The presider motions for all to join in singing the gathering song.
At the conclusion of the song, all sit. If necessary, the presider motions for all to sit.
After all are seated, without rushing, the cantor or the choir begins the first psalm. The cantor or the choir sings the verses, and the assembly sings the response. If the psalms are proclaimed, the responses can be used after each verse.
First Psalm: Psalm 63
[All respond.] "As morning breaks I look to you; I look to you, O Lord, to be my strength this day" (Gather Comprehensive).
After a brief period of silence following the conclusion of the psalm, the presider stands and motions for all to stand, and she or he proclaims the psalm prayer.
Let us pray. [Pause.][All respond.] Amen.
Good and gracious God,
As morning breaks,
we look to you to be our strength this day.
Breathe into us the Spirit who dwells in all hearts.
Open our eyes to see your kindness.
Open our ears to cherish your word of hope.
Open our lips to speak your praise.
Open our hands to receive the grace only you can provide us.
In our times of trials and doubt, help us to cling and hold fast to you.
This morning, and all mornings, keep us singing of your goodness and glory.
We ask this through Christ, our Lord.
After the psalm prayer, the presider motions for all to sit. Without rushing, the cantor or the choir begins the second psalm.
Second Psalm: Psalm 138
[All respond.] "Lord, on the day that I cried out for help, you answered me" (Gather Comprehensive).
After a brief period of silence following the conclusion of the psalm, the presider stands and motions for all to stand, and he or she proclaims the psalm prayer.
Let us pray. [Pause.][All respond.] Amen.
Gracious God, tireless guardian of your people,
ever prepared to hear the cries of your chosen ones,
teach us to rely, day and night, on your care.
On you we call, Lord God,
in all places and through all circumstances,
to give strength to our souls.
We praise you for your faithfulness and love,
and we thank you for the guidance and hope you offer us.
Be with us today, God from whom all encouragement comes,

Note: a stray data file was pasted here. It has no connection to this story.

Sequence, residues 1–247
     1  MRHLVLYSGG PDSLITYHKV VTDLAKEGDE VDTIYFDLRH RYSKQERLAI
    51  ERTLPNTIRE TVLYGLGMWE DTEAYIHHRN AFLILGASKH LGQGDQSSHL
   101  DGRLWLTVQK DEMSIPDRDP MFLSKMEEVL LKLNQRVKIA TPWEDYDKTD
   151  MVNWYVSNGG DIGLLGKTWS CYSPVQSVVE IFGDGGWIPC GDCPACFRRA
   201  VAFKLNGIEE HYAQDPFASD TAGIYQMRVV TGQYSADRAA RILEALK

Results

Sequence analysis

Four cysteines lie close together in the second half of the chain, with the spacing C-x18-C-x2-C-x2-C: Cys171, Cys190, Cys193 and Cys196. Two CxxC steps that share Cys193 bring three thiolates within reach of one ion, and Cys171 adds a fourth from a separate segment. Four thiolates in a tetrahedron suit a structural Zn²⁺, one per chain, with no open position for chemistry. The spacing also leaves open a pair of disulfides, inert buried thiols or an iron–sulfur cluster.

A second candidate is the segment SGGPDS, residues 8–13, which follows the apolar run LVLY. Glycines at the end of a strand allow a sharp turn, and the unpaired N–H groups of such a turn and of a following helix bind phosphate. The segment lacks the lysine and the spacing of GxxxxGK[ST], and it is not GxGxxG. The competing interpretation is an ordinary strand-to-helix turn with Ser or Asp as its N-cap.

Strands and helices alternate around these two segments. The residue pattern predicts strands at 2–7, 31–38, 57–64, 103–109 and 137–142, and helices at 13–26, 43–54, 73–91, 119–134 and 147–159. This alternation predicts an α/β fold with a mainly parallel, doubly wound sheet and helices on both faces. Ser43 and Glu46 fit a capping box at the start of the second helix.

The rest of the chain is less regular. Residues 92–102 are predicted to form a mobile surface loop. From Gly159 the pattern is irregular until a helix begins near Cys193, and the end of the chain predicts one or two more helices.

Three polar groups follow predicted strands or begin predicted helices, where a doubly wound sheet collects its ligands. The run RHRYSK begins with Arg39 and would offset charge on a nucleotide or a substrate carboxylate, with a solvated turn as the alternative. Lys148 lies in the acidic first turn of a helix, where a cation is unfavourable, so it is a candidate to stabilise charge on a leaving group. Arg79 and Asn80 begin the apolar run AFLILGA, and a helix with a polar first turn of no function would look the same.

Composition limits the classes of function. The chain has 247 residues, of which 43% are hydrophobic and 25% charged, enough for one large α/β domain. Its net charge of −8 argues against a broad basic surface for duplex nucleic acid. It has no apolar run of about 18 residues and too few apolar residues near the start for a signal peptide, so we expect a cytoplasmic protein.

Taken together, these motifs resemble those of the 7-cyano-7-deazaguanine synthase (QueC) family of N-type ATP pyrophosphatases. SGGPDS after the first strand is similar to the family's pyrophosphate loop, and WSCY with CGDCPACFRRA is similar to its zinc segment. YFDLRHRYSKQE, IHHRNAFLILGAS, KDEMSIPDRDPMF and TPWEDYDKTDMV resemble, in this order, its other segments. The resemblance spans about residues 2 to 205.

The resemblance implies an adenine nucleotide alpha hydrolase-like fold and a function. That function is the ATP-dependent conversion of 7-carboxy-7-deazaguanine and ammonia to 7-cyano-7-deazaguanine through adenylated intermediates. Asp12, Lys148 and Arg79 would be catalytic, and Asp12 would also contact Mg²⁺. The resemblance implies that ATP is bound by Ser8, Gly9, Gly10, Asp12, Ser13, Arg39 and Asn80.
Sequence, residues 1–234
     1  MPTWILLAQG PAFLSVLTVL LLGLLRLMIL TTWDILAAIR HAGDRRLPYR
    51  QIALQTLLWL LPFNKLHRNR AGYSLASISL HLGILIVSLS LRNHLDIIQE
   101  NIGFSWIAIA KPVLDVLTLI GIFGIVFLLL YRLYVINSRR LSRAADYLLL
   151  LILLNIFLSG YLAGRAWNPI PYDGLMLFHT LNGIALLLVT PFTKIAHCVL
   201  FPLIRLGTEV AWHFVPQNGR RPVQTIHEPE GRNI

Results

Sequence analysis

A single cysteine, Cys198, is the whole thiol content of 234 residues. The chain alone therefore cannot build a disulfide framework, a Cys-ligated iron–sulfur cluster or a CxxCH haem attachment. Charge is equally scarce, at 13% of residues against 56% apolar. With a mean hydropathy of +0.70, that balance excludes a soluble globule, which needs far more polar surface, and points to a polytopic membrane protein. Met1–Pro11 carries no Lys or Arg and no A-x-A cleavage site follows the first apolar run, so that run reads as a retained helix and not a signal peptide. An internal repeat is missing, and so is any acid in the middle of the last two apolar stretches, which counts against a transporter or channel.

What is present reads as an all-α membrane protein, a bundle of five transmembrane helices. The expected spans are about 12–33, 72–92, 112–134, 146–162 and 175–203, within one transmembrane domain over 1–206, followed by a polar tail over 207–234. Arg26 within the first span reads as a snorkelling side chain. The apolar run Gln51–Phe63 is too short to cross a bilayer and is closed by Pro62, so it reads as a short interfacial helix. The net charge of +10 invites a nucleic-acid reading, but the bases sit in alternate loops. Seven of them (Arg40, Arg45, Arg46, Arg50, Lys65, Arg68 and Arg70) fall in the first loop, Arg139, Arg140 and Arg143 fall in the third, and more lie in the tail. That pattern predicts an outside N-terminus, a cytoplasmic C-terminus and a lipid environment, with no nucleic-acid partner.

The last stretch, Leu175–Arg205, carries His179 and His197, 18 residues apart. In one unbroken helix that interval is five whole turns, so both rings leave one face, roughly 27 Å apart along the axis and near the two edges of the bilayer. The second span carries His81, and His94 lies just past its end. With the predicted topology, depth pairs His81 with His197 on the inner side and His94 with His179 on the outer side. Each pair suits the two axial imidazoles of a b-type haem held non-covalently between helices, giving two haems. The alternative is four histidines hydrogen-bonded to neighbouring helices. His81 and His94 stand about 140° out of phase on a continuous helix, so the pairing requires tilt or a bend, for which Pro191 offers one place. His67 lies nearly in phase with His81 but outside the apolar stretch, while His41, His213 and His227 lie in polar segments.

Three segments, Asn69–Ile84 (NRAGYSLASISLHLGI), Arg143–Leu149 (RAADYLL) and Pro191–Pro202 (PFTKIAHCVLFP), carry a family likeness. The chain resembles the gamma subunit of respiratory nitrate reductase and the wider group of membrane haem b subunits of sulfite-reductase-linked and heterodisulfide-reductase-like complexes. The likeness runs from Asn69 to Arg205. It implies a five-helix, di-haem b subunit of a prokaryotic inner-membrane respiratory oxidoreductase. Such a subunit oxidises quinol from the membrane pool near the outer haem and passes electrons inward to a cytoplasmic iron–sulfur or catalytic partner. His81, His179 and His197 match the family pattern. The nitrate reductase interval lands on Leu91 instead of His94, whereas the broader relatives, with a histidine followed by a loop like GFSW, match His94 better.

support our prayer, so that we may not grow weary.
Impel us to seek your enduring and ever-present help always.
We ask this through Christ, our Lord.
After the psalm prayer, the presider motions for all to sit. Without rushing, the reader or readers stand to proclaim the reading from the Scriptures.
A reading from the Book of Job:
One day when his sons and daughters were eating and drinking wine in the eldest brother's house, a messenger came to Job and said, "The oxen were plowing and the donkeys feeding beside them, and the Sabeans fell on them and carried them off, and killed the servants with the edge of the sword; I alone have escaped to tell you." While he was still speaking, another came and said, "The fire of God fell from heaven and burned up the sheep and the servants, and consumed them; I alone have escaped to tell you." While he was still speaking, another came and said, "The Chaldeans formed three columns, made a raid on the camels and carried them off, and killed the servants with the edge of the sword; I alone have escaped to tell you." While he was still speaking, another came and said, "Your sons and daughters were eating and drinking wine in their eldest brother's house, and suddenly a great wind came across the desert, struck the four corners of the house, and it fell on the young people, and they are dead; I alone have escaped to tell you."The word of the Lord.